The world energy crisis will increase in scale and scope fundamentally because, in the most basic analysis, most tasks earlier performed manually have moved into the realm of technology-driven procedures and processes, particularly as they are either powered by automation, are electronically or algorithm enabled. The era of the service industry is here, and so much depends on office activities, at home or in a formal workplace. Manual typewriters are now monuments. The same applied to office cyclostyling machines. Their use did not require electricity. Not so with computer typewriters, photocopiers and printers that must be recharged repeatedly. We understand the emergence of ‘paperless’ society, but that exists only in scope, not in the absolute sense as tonnes of documents will still need to be printed in hard copies for definite purposes in the future. Telephone sets during the analogue and pre-GSM era did not depend on electricity to operate. Millions of handsets today have to be recharged almost daily depending on their use and the rate of dissipation of energy stored in their batteries. These operations all have to be powered by electricity. Think of the aggregate and absolute demands globally for all the office automation machines in this sense. That is one aspect mostly ignored or overlooked. Then the greater consumers of energy: the household, automobiles and smokestack industries. The sheer transition from manual operations in many industries has put enormous pressure on energy supply and consumption. Take tailoring. Manually operated sewing machines have been superseded by those electrically run. The greater efficiencies in all of these machines – and by extension, profits – are accomplished at the expense of the environment. Could this be part of what French President Emmanuel Macron intended to explain in a speech he made about a month ago while making reference to what he described as the “end of abundance”?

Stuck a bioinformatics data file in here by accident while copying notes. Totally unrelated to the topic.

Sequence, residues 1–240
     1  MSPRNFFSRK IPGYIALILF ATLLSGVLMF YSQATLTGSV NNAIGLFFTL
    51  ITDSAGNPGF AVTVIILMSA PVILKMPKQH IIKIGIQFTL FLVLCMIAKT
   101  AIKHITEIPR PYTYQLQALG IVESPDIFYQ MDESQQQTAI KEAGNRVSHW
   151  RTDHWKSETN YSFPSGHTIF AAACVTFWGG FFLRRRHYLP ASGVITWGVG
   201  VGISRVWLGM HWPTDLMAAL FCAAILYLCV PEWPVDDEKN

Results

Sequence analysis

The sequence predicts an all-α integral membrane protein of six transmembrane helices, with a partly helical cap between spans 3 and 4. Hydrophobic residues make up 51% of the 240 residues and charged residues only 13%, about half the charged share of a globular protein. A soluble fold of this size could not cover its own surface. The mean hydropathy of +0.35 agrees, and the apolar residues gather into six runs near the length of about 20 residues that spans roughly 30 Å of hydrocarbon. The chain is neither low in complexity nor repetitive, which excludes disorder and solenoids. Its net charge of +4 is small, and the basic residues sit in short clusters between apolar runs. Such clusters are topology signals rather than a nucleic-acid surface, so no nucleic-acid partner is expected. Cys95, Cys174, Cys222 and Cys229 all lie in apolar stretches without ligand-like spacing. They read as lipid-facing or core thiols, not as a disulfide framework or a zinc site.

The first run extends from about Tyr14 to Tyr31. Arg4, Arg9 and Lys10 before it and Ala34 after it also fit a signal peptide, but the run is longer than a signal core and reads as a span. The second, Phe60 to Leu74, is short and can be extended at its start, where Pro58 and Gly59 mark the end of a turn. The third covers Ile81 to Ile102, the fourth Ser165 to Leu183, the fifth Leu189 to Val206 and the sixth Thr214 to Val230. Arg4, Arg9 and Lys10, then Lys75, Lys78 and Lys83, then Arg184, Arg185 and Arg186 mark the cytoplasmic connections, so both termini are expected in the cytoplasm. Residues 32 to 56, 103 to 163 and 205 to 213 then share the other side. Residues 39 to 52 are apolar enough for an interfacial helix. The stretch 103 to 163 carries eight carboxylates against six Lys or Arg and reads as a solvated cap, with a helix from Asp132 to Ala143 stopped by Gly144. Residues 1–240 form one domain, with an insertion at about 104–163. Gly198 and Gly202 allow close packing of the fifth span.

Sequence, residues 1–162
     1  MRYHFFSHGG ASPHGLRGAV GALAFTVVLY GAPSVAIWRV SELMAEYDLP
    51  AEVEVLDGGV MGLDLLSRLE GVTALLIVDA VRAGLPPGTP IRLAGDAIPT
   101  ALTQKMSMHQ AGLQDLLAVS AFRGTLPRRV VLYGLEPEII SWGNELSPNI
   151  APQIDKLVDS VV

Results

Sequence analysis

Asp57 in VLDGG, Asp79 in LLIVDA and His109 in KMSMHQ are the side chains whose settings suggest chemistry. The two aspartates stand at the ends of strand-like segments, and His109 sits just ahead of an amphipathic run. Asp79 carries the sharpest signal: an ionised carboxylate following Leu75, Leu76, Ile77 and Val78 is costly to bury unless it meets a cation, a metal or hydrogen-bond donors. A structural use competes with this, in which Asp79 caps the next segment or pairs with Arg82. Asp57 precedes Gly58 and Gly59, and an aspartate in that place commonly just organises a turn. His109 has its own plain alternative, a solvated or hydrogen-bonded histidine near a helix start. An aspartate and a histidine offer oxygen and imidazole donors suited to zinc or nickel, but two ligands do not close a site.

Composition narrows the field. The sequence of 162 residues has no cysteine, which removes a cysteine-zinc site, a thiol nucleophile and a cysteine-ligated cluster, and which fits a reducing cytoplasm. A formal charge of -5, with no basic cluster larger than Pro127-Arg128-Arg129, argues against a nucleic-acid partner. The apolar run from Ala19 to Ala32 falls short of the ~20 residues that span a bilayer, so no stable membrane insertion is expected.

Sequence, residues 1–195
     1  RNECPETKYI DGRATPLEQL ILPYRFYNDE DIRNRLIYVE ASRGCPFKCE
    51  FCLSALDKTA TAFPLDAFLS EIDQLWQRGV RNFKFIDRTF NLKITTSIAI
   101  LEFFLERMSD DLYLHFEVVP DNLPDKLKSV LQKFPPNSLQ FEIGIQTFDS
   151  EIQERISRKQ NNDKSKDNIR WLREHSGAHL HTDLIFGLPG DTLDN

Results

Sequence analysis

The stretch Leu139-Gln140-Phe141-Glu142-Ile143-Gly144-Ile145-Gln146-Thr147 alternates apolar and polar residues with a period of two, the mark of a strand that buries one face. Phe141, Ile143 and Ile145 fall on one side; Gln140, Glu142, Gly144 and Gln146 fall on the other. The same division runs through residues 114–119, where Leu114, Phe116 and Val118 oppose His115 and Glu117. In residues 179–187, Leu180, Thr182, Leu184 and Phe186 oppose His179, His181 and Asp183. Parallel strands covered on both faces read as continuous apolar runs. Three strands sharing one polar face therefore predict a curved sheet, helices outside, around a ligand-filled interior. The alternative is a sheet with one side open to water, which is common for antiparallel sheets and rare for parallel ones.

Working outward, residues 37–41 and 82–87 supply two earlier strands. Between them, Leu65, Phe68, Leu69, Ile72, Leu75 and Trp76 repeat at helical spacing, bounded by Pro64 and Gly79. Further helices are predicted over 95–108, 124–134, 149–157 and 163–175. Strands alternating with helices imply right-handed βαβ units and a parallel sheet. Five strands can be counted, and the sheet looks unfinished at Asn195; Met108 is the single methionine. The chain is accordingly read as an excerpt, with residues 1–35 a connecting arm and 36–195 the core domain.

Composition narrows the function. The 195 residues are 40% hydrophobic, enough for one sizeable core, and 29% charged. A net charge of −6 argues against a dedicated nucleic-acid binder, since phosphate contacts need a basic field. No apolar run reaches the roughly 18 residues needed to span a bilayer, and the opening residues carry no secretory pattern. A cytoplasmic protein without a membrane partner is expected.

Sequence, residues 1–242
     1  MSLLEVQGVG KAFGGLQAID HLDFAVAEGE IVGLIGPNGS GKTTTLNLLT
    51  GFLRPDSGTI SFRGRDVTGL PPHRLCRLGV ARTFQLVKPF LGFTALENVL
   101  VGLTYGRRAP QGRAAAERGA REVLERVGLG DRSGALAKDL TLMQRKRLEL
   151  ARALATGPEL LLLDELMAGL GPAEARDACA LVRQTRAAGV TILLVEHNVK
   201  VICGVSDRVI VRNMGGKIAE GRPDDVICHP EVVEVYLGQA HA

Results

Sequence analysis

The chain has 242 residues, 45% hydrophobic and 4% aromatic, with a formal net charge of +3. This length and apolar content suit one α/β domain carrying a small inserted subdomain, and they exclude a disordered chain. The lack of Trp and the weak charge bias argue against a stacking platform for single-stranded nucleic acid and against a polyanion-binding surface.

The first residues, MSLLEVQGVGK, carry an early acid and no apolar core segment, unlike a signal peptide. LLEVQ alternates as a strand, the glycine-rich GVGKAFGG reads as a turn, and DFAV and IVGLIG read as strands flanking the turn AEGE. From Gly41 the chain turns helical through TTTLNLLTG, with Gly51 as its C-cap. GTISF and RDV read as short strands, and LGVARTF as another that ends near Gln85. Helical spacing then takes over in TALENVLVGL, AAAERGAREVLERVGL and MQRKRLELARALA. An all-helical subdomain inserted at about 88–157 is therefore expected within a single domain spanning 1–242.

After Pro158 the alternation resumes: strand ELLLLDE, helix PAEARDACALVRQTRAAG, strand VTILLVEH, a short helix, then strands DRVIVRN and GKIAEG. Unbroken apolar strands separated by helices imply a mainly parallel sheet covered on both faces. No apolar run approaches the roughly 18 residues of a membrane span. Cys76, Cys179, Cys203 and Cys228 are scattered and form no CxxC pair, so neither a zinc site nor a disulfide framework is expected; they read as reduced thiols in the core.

Reference to energy appears to have been perceived within the narrow spectrum of electricity – for the factory, the home, for transportation in its broadest sense and for other uses in between. The impact of demographics on energy use has not received commensurate attention and depth of analysis. Emphasis on renewable energy as the one and only environmentally safe alternative seems to ignore the fact of the scale of energy consumption globally and the potential negative impact this may also have on the planet if exploited maximally as is currently being done to fossil fuel energy. The seeming idealism that smacks more of assumptions is a cause for alarm in itself. Russia’s invasion of Ukraine in February seems to have become a rude awakening for a world that is being led by the one-way traffic of renewable energy. Rather than think of banishing fossil fuel, a new thinking is thus required: that is the world needs to slow down on energy consumption generally. Whether this thought fits into the thinking that informed Macron’s speech remains debatable as his country prepares for what promises to be a difficult winter ahead, with sharp escalation of energy prices. This difficult time ahead seems to have prompted Germany to unveil energy-saving plans to get through winter with gas prices spiralling upwards amidst a disruption to Russian gas supplies.